Christine Jorgensen—The Pioneer Transsexual
Ever since George William Jorgensen Jr. was born he felt different. He felt like he didn’t belong in his own body and it was as though he ought to have been born a ‘She’. Because she was born in 1926, George was probably one of very few people who acknowledged their own difference even to themselves. Graduating from the Christopher Columbus High School, New York, in 1945 Jorgensen was drafted into the army. Fortunately the Second World War was over, so Jorgensen didn’t see a great deal of ‘action’ and returned after his discharge to attend the Mohawk College in New York.
After returning to the New York after his military service Jorgensen began to hear stories about new and progressive operations and surgeries; in particular ‘sexual reassignment surgery’. However, none of this was available in the United States, so Jorgensen started taking females hormones and, with the assistance of Doctor Joseph Angelo, began researching the possibility of having the radical new surgery in another country. Initially, Jorgensen chose Sweden, having learned that the only doctors in the world who performed such surgeries were based there. However, having relatives in Copenhagen, where Jorgensen stopped on a visit en route to Sweden he met a Danish endocrinologist—Doctor Christian Hamburger—who helped Jorgensen begin a series of hormone replacement therapies. Prior to surgery Jorgensen had to obtain permission from the Minister of Justice in Denmark in order to have the operations.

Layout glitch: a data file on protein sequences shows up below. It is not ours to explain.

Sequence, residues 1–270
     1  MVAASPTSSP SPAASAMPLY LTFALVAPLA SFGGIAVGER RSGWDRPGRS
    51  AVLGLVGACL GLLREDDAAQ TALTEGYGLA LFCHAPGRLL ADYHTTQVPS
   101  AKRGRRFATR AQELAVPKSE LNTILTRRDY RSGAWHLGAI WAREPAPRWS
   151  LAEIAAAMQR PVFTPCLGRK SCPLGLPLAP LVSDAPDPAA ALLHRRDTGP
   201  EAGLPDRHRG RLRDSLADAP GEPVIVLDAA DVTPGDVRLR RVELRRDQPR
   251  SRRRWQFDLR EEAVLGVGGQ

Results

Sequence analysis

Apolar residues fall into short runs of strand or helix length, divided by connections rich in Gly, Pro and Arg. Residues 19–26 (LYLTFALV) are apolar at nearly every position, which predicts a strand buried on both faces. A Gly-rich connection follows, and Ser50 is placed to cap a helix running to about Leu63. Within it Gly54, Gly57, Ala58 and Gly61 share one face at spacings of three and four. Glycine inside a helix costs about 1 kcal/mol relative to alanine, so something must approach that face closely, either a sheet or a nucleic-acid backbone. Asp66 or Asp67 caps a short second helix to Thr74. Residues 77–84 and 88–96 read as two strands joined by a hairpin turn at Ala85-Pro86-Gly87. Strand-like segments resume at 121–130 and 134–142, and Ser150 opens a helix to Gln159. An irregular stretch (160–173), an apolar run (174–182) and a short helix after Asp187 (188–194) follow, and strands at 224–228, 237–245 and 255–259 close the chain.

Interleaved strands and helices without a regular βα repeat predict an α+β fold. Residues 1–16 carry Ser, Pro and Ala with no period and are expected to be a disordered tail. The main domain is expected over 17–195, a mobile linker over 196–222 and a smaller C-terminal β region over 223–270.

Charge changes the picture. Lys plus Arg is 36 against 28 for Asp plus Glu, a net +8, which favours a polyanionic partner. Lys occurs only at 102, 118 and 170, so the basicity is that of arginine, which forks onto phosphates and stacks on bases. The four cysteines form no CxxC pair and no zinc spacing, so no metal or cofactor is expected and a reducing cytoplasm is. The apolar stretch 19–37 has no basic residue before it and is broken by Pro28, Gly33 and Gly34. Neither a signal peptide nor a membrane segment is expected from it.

At the Gentoffe Hospital on 24th September 1951 surgeons performed a bilateral orchiectomy on Jorgensen (complete removal of both testicles). Writing to his friends that he was in ‘marvelous spirits,’ Jorgensen had never been happier. It was one step closer to his ultimate goal of being a ‘her’. Remaining in Copenhagen, Jorgensen had her second operation in November of 1952, when surgeons performed a penectomy, removing Jorgensen’s penis. After recovering sufficiently Jorgensen returned to the United States she made the headlines when the New York Daily News put her all over the front pages with the headline “Ex-GI Becomes Blonde Bombshell”. Jorgensen, then named Christine—in honor of Christian Hamburger—became an instant celebrity, whether she wanted to or not.
Fame and Recognition
Her own story was published on February 13th 1953 in ‘The American Weekly’ and was titled ‘The Story of my Life”. This created the perfect public platform for Jorgensen, who went on to speak publicly about the plight of the transgender community.
Her operation to create a vagina—vaginoplasty—took place in the United States, after which Christine had planned to marry her then beau, John Traub. The engagement ended soon after, but she then met Howard J. Knox, announcing her engagement to him in 1959. Sadly, the couple couldn’t obtain a legal marriage license so they called off the engagement. Shortly after that The New York Times reported that Knox had been fired from his typing job because the engagement went public.
In 1970 ‘The Christine Jorgensen Story’ was released, with John Hansen playing the parts of both George and Christine. It received much critical acclaim but was widely received with more of a morbid curiosity from the general public. However, there is little doubt that it was also a gateway for other transsexuals to realize their own dreams. Her bravery and courage can never be disputed, because Jorgensen never hid herself. Right up until her passing, Jorgensen was a strong proponent of transgender rights and she spoke publicly at colleges, universities and other institutes as to the life of a transsexual and transgender person.